"Our priority is the safety of our people who are held hostage because they are innocent victims of this group," he said.

"The reports we received show that the (military) action this time is more intense than previous ones. We will follow the developments," he told reporters after officiating at a certificate presentation and talk organised by the Tebrau Umno division in Pasir Gudang, near here.

Asked on appeals by families of the hostages for the Malaysian government to ask the Philippines to stop the military offensive, Najib said it was difficult for Malaysia to intervene in the internal matters of he republic.

"We hope they will consider (the safety of) the hostages from our country," he said. --Bernama

September 17, 2000, Reuters, Philippines Says Rebels on Run; Hostages Alive,
WIRE:09/17/2000 05:21:00 ET


JOLO, Philippines (Reuters) - Philippine Muslim rebels were fleeing under the onslaught of a military assault on a southern island on Sunday and all their 19 hostages were alive and well, the government said.

Six Abu Sayyaf rebels had been killed and 20 suspected guerrillas captured in Jolo, said the Philippine armed forces chief, General Angelo Reyes. Four government troops had been wounded, three on Saturday, one on Sunday.

"All the hostages, based on reports, are alive," he told reporters in southern Zamboanga City after briefing President Joseph Estrada and members of his cabinet. "There have been no reports from the field to indicate that any have been casualties," Reyes said. Thirteen Filipinos, three Malaysians, two French television journalists and an American are being held on Jolo, 960 km (600 miles) south of Manila, in a crisis which has humiliated the government for almost five months.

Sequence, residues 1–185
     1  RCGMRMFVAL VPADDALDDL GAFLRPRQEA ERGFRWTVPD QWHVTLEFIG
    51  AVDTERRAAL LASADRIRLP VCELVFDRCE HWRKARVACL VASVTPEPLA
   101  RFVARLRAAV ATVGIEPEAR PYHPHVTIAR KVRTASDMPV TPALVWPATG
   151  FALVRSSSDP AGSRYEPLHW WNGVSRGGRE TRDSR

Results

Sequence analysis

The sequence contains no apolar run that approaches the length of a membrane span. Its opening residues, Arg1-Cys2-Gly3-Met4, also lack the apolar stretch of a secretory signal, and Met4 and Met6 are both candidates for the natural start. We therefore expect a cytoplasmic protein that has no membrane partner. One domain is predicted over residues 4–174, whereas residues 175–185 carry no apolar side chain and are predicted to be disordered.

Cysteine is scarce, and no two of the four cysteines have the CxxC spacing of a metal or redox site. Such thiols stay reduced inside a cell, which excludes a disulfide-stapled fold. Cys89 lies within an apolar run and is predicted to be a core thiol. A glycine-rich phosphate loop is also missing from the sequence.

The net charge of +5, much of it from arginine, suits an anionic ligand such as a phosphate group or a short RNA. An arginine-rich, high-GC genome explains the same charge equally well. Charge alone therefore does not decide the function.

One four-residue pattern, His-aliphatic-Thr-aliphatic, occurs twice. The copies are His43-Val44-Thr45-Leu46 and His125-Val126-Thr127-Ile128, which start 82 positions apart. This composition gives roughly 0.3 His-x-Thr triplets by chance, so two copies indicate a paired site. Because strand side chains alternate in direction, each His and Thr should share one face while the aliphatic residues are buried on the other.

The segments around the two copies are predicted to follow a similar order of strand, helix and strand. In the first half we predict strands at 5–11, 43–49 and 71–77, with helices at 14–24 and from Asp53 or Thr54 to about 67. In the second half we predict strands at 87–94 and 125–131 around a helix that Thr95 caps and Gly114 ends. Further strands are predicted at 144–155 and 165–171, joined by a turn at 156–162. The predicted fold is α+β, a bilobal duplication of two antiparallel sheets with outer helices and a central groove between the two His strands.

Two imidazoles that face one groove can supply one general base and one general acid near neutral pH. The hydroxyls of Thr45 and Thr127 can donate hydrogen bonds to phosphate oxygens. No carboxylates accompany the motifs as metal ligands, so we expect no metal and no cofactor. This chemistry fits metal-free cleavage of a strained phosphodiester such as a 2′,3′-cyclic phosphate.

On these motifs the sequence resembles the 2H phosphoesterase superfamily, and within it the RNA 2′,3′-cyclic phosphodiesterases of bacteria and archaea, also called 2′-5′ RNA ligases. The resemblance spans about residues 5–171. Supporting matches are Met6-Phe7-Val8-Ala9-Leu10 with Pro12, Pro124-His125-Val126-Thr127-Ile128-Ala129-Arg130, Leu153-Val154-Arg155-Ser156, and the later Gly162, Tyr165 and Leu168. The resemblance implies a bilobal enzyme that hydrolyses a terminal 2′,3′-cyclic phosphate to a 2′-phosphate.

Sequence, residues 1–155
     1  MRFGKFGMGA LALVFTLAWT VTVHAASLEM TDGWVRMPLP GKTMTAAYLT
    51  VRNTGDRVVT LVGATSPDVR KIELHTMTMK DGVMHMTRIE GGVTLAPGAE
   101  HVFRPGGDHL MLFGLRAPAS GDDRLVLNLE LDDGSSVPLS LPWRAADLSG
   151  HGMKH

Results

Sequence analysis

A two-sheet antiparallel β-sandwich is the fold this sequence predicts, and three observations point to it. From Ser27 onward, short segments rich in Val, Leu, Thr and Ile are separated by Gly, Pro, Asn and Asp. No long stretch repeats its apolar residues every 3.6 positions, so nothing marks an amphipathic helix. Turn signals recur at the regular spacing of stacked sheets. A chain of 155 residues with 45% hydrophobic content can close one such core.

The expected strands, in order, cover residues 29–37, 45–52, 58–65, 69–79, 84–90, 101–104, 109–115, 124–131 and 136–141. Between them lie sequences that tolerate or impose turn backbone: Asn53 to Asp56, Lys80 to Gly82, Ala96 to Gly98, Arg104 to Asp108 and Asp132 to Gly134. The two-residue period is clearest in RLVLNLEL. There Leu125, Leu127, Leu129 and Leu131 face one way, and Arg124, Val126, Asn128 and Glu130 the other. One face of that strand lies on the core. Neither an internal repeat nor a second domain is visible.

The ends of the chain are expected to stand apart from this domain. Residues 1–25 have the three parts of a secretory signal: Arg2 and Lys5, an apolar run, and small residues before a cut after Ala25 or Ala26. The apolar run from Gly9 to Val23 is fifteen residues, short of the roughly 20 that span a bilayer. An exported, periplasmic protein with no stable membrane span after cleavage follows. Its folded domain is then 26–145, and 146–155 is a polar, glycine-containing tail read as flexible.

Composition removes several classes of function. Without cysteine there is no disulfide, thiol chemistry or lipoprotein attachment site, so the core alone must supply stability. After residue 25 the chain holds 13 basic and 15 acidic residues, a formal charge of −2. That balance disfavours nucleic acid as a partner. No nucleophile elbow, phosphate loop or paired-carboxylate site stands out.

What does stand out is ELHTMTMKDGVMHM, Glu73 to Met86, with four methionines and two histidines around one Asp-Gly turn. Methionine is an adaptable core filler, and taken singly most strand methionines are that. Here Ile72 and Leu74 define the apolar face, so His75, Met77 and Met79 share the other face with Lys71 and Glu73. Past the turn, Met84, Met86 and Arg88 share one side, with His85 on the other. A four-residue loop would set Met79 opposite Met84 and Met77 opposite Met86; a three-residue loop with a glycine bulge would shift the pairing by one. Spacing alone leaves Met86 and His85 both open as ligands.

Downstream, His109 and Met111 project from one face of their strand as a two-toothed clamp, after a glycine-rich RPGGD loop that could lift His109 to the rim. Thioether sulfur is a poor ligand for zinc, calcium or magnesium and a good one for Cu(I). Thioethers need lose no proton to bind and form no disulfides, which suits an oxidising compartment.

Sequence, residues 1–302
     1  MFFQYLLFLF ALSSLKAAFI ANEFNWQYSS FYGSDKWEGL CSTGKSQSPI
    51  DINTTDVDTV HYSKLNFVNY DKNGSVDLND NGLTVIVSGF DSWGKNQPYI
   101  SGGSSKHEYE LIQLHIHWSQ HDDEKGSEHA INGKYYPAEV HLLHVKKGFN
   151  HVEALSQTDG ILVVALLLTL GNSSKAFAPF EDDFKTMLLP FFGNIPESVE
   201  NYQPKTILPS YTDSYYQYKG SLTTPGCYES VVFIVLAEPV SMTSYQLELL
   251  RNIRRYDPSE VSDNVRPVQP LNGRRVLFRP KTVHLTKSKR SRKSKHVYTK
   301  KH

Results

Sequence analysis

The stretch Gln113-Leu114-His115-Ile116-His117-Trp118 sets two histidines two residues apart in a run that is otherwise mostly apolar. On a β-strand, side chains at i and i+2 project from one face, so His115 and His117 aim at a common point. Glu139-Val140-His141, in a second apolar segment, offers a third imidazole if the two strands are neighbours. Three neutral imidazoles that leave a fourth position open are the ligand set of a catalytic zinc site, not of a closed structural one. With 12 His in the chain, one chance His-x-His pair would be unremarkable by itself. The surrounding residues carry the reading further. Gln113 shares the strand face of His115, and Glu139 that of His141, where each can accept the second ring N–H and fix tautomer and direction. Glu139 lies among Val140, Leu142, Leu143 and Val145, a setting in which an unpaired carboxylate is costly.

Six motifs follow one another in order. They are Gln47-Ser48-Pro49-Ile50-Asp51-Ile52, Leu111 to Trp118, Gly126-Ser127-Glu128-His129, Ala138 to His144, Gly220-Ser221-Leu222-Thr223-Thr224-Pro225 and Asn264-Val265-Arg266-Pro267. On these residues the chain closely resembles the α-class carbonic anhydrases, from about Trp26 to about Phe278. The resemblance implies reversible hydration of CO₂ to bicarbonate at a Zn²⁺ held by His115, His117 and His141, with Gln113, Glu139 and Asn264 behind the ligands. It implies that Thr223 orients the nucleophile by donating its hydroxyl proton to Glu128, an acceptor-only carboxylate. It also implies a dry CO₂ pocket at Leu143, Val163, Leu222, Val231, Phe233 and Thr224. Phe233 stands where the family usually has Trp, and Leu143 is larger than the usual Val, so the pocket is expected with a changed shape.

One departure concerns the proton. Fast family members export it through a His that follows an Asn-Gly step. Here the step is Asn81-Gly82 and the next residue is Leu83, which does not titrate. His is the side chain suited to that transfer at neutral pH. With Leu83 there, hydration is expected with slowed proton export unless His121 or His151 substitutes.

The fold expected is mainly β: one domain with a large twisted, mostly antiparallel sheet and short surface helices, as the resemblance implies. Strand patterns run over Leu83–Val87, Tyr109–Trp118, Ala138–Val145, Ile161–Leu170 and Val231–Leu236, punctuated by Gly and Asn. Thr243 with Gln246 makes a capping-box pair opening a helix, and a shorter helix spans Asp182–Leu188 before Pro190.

Reyes said there had been six "engagements" with the rebels in which the six Abu Sayyaf rebels had been killed and 20 suspected rebels captured. He added that the rebel factions holding the hostages were in "escape mode." "....The fact is that (the rebels) are fleeing and they have not left any hostages as casualties." Reyes said there had been no civilian casualties. Local residents said scores of people were killed or wounded on Saturday.


Fighting could still be heard on Sunday evening in Jolo and the military upgraded security in the capital Manila in case of reprisals. "We are banking on you, General Abaya," Estrada was heard telling Brigadier General Narciso Abaya, in charge of the Jolo operation, by phone after he was briefed on the assault. "...Let"s kill all these Abu Sayyaf, they have given us only embarrassment." But despite hopes of a quick and surgical strike, Estrada said the military operations could last for up to a week. --ABC

September 17, 2000, AFP, Six rebels slain in Philippines rescue bid: government,

MANILA, Sept 17 (AFP) - 16:29 - Six Muslim extremist kidnappers have been killed and 12 people wounded in a massive Philippine military operation to rescue 22 hostages including six foreigners, officials said Sunday.

Defense Secretary Orlando Mercado said six Abu Sayyaf gunmen were killed and 20 others captured, including four wounded guerrillas.

Four government troops were also wounded, he said.

The mayor of Jolo, Rashdi Abubakar, said four civilians were wounded in the fighting, which he said was outside the island's main population centers.

Mercado told AFP that there was no available information on the whereabouts and condition of any of the American, French, Filipino and Malaysian hostages.

He had said on Saturday, the first day of the military operation, that he had not received any reports of casualties among the hostages.

Mercado said "ground operations" against the Abu Sayyaf were ongoing.